The trend seems to favour an extended meaning to be givento the term executor or administrator as to include an execu-tor de son tort. Both reason and logic seem to favour this view,particularly in interpreting Section 341 of the Civil Procedure
PATHTRANA, J.—Nesaratnam v. Vaithilingam
Code. If, for example, a debtor owes money to another and thedebtor dies, it is settled law that the creditor can proceedagainst a person who intermeddles with the assets of the deceas-ed. Prins vs. Peiris (1901) 4 N. L. R.., p.353.) There is no reasonwhy when an action has been commenced by a creditor againstthe debtor and the debtor dies, an executor de son tort whointermeddles with the estate cannot be made a legal represen-tative within the meaning of Section 341 for the purpose ofexecuting the decree. An executor de son tort is essentially aperson who has all the liabilities, but none of the privilegesthat is attached to a duly constituted executor—Vide MustoeExecutors and Administrators, 4th Edition, P. 7.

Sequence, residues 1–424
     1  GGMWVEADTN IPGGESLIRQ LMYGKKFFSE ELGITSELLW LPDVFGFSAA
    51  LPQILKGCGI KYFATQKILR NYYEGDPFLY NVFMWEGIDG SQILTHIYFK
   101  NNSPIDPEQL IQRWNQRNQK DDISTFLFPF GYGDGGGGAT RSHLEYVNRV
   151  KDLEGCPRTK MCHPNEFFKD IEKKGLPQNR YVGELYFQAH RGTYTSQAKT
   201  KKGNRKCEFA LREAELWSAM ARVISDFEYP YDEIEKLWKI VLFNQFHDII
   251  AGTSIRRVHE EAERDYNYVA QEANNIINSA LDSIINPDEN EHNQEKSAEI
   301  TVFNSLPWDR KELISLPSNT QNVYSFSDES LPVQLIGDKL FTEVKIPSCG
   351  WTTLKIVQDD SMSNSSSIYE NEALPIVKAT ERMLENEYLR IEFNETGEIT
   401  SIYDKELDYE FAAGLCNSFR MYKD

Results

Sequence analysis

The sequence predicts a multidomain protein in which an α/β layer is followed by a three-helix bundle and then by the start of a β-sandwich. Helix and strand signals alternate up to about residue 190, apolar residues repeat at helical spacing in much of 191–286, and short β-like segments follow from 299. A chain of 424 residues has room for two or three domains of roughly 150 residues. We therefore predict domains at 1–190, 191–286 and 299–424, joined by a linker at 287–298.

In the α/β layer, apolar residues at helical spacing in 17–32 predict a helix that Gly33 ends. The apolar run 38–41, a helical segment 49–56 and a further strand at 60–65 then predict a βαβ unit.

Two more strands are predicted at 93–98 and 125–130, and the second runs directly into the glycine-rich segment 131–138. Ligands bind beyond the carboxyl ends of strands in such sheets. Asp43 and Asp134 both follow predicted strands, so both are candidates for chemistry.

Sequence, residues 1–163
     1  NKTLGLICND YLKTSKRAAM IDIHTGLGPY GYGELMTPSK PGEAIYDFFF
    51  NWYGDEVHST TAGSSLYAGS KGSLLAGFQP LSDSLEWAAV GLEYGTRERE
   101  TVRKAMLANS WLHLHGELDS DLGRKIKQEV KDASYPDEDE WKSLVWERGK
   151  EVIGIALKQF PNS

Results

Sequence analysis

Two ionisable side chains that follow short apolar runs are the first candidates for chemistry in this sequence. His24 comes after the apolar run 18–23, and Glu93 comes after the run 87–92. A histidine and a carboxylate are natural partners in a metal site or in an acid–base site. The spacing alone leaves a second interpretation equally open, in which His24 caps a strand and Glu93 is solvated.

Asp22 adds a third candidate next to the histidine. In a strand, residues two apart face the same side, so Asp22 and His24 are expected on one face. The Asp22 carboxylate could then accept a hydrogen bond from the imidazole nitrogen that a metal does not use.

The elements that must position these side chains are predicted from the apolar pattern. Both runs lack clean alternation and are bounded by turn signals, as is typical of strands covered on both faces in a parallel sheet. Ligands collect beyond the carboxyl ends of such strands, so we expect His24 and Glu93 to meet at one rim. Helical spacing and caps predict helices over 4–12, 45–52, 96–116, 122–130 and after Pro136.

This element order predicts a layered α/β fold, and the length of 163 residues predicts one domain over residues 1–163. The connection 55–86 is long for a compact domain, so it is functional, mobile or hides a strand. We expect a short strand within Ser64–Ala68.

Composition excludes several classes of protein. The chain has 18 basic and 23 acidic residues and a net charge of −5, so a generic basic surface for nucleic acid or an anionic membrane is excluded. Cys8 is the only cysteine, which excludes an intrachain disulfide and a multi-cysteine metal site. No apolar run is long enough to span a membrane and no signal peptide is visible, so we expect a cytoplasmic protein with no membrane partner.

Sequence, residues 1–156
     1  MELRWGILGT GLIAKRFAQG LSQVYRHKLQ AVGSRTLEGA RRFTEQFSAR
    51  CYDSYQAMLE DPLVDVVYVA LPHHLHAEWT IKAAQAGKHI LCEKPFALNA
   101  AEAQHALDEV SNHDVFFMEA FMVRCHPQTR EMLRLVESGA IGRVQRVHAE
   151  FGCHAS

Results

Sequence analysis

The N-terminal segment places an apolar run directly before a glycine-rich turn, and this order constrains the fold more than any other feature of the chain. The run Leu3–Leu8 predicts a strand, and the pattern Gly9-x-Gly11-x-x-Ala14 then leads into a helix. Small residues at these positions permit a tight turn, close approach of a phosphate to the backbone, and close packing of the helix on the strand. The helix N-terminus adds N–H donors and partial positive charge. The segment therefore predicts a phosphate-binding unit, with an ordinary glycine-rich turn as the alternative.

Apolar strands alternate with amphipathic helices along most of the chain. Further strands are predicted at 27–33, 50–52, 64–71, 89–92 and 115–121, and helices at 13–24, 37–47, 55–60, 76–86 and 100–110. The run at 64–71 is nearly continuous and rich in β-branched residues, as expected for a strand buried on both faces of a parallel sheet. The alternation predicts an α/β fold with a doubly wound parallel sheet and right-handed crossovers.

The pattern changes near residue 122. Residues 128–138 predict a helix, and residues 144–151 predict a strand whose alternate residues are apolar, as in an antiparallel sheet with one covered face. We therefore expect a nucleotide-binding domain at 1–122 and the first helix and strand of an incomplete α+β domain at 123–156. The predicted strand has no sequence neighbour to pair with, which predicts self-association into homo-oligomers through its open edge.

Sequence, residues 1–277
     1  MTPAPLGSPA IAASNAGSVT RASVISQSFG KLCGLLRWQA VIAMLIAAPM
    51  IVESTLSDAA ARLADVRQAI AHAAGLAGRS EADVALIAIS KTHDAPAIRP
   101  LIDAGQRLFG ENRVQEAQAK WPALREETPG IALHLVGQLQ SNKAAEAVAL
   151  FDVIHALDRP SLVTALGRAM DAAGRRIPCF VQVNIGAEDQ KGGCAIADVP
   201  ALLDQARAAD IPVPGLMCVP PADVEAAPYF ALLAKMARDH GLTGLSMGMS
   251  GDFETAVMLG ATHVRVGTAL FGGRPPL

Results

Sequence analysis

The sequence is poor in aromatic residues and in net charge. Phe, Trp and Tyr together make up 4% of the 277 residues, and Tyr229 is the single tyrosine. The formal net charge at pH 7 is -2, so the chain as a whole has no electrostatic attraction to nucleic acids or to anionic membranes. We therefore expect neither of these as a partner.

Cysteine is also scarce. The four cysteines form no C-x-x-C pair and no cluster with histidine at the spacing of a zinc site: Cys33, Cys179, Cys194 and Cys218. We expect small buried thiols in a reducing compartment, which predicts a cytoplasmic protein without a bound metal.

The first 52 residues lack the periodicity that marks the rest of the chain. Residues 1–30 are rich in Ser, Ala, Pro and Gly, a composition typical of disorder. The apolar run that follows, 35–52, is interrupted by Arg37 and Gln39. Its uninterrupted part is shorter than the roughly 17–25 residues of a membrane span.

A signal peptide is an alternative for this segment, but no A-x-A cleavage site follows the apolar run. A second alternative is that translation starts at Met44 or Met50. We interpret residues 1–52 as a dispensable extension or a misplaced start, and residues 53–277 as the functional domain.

An essential characteristic of an executor de son tort is thatas a result of taking upon himself the functions of an executorby intrusion he renders himself liable to be sued by a creditorof the deceased. It must logically follow that such a personrenders himself by his conduct to be made a legal representativefor the purpose of executing an unsatisfied decree against adeceased-debtor as he incurs the liabilities of his usurped office.We are, therefore, of the view that in section 341 read withsection 338(3) an executor de son tort comes within the meaningof an executor or administrator. It is not disputed that on theadmissions made by the respondent in his affidavit in the DistrictCourt he has clearly intermeddled with the assets of the deceas-ed defendant. The respondent is therefore a legal representativefor the purpose of Section 341 in this application.